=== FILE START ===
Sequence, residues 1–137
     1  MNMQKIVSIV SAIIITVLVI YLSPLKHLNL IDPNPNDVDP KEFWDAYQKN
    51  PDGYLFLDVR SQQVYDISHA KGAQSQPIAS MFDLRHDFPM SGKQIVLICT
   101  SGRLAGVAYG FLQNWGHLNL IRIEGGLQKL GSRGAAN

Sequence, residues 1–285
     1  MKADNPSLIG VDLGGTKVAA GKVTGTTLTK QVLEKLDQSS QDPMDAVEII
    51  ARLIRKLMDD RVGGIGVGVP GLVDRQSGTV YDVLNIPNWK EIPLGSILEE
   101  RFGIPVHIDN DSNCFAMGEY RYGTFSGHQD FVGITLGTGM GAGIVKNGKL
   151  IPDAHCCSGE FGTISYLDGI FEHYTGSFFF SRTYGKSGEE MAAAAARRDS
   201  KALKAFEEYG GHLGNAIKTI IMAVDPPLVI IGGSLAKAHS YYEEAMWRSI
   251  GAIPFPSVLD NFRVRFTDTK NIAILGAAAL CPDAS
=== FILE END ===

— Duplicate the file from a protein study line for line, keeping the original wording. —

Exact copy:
Sequence, residues 1–137
     1  MNMQKIVSIV SAIIITVLVI YLSPLKHLNL IDPNPNDVDP KEFWDAYQKN
    51  PDGYLFLDVR SQQVYDISHA KGAQSQPIAS MFDLRHDFPM SGKQIVLICT
   101  SGRLAGVAYG FLQNWGHLNL IRIEGGLQKL GSRGAAN

Sequence, residues 1–285
     1  MKADNPSLIG VDLGGTKVAA GKVTGTTLTK QVLEKLDQSS QDPMDAVEII
    51  ARLIRKLMDD RVGGIGVGVP GLVDRQSGTV YDVLNIPNWK EIPLGSILEE
   101  RFGIPVHIDN DSNCFAMGEY RYGTFSGHQD FVGITLGTGM GAGIVKNGKL
   151  IPDAHCCSGE FGTISYLDGI FEHYTGSFFF SRTYGKSGEE MAAAAARRDS
   201  KALKAFEEYG GHLGNAIKTI IMAVDPPLVI IGGSLAKAHS YYEEAMWRSI
   251  GAIPFPSVLD NFRVRFTDTK NIAILGAAAL CPDAS